Conversion of a solidly grounded system into an HRG system

Converting a solidly grounded electrical system to an HRG system

A very large majority of electrical faults starts as a ground fault. On a solidly grounded power system, a ground fault has much the same potential energy as a phase-to-phase fault, can conduct thousands of amps, and can rapidly escalate into an extremely dangerous and damaging arc-flash incident. A ground fault must be interrupted immediately.

The physical differences between a solidly grounded system and a resistance-grounded system are small.  The former has a solid cable or bus connection between system neutral (X0) and earth/ground, while the latter has a current-limiting resistor connected between X0 and earth/ground.

How to do it

The solidly grounded three-phase generator or transformer-secondary winding is connected in a star or wye arrangement, with the center of the connection designated as the neutral point.

To create a resistance-grounded system, install a voltage-rated resistor that conforms to the IEEE Standard 32 (or C 57.32) between the X0 and ground.  It is recommended to monitor this neutral-grounding resistor (NGR) for continuity and alarm (or trip) if it fails.

The NGR limits ground-fault current to a low value that is incapable of sustaining an arc flash.  In many cases, the system can continue to operate with one phase faulted to ground, until an orderly shutdown is initiated.

Considerations for system upgrades associated with converting a solidly grounded system to resistance grounding

The solidly grounded electrical system relied on overcurrent protective devices to interrupt the large current associated with a ground fault. Coordination of upstream and downstream devices could be difficult.  The HRG system can deliver very low ground-fault current—too low to operate a circuit breaker or fuse—supplemental ground-fault protection is required.

Use a residual-current-type device (RCM) to detect ground faults using a zero-sequence current transformer.  By installing such devices at each feeder, or even each load, fault location is automated, and selective circuit interruption is easily achieved, where necessary.

Some circuit elements, such as line-to-ground filter capacitors on the input of variable-speed drives, may be rated at line-to-neutral voltage. These elements should be upgraded to line-to-line voltage ratings to withstand the higher voltage present during a ground fault on an HRG system.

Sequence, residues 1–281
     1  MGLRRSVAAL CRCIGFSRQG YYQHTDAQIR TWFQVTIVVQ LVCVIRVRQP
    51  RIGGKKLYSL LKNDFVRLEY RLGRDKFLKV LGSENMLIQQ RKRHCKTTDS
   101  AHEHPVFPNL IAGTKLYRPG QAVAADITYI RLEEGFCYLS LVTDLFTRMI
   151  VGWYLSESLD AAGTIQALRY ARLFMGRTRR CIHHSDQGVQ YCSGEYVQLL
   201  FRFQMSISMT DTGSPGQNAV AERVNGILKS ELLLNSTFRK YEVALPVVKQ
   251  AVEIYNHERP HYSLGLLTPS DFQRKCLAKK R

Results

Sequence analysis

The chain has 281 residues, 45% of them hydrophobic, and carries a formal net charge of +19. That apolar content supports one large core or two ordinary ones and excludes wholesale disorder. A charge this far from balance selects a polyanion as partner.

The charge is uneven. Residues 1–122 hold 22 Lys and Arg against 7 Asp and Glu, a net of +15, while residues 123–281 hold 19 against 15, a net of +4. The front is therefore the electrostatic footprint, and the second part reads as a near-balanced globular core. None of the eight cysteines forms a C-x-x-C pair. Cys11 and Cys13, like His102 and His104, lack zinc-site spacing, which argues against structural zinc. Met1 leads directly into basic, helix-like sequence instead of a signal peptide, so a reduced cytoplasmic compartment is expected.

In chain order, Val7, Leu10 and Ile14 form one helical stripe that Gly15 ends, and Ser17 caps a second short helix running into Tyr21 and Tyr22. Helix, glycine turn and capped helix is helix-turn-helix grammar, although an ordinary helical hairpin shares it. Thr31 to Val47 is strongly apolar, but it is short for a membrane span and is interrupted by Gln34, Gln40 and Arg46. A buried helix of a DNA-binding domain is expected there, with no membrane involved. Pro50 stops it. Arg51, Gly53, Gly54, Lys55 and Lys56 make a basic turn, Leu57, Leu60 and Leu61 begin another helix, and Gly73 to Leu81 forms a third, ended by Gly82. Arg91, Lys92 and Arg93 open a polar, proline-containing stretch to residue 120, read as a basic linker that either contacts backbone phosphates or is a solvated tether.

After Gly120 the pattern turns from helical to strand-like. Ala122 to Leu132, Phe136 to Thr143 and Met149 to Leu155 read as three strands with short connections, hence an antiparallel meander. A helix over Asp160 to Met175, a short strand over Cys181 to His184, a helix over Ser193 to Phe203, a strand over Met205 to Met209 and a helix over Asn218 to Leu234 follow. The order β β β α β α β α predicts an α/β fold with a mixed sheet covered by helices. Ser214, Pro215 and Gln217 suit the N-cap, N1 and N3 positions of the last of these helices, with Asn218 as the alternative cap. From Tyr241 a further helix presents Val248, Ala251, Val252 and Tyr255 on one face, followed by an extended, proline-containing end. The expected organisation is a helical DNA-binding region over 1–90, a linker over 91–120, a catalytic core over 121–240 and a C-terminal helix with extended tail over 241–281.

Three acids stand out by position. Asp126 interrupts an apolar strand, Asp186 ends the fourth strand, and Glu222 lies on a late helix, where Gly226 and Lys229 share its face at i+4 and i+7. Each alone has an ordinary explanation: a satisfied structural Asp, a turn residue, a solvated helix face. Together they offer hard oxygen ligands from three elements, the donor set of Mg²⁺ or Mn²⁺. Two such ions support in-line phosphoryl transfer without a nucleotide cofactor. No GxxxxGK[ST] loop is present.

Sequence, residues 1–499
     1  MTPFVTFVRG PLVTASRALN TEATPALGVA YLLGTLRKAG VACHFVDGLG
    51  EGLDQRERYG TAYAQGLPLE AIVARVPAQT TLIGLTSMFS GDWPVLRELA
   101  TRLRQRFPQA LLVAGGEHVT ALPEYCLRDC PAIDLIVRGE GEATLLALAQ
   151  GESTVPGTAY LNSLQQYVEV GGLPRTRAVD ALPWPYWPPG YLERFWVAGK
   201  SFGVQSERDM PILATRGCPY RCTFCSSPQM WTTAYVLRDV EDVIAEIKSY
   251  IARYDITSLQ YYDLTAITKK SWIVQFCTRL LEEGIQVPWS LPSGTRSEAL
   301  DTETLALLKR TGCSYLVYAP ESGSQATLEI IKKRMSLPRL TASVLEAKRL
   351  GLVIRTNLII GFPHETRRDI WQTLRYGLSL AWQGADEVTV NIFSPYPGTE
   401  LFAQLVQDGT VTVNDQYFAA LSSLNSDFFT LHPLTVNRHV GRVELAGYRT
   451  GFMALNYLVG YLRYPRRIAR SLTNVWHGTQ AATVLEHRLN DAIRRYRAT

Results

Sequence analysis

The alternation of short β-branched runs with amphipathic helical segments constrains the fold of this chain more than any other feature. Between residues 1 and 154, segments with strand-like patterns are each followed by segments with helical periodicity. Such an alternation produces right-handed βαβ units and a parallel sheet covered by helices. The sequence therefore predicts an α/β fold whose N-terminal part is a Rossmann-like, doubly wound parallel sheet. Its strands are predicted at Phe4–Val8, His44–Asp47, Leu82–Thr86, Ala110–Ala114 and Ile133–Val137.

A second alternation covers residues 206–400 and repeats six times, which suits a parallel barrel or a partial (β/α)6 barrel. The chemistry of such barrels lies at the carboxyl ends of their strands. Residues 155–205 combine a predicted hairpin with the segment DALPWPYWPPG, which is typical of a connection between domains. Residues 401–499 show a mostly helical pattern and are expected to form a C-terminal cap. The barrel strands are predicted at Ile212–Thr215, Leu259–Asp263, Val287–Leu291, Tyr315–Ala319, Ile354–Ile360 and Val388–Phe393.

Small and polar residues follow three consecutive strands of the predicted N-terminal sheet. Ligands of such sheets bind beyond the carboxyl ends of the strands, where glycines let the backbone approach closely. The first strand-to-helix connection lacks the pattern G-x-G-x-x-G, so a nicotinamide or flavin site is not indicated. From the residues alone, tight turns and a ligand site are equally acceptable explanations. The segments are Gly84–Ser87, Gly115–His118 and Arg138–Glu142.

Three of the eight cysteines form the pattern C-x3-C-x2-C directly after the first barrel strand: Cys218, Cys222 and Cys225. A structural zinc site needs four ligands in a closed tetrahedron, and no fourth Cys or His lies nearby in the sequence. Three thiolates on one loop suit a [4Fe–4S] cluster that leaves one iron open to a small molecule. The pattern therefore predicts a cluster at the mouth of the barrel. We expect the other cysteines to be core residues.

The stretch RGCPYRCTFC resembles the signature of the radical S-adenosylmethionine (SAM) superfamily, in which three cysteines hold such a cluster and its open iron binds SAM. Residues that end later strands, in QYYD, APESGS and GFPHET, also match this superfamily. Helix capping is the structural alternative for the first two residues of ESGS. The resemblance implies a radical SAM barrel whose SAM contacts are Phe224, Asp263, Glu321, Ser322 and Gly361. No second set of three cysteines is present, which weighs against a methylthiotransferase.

Why NGR’s require continuous monitoring

The neutral-grounding resistor (NGR) is a critical element of a high-resistance-grounded (HRG) electrical power system. HRG systems always include current-sensing ground-fault detectors (for alarm or tripping) which operate when a ground fault conducts current that passes back to the supply neutral through the NGR.

When an NGR fails due to a weld failure, corrosion, thermal stress, or the like, the previously HRG system becomes ungrounded, or floating. When a ground fault occurs on the ungrounded system, no current flows and the installed ground-fault detectors will not function.

Why monitoring the NGR is crucial

To avoid the situation in which a ground fault is not detectable, leaving the system in an unsafe condition, continuously monitor the NGR with an appropriate device. The NGR must be monitored for continuity and connection to system neutral.

In some circumstances, such as vermin nest building or incorrect system maintenance, an NGR can be shorted.  In this case, a ground fault will result in higher-than-expected current, which could have negative consequences like a higher level of equipment damage or an arc flash. Continuously monitor the NGR for a resistance reduction to alert operators to this condition.


How to Size an NGR (US) Technical information 424.0 KB EN2019/05/1313.05.2019

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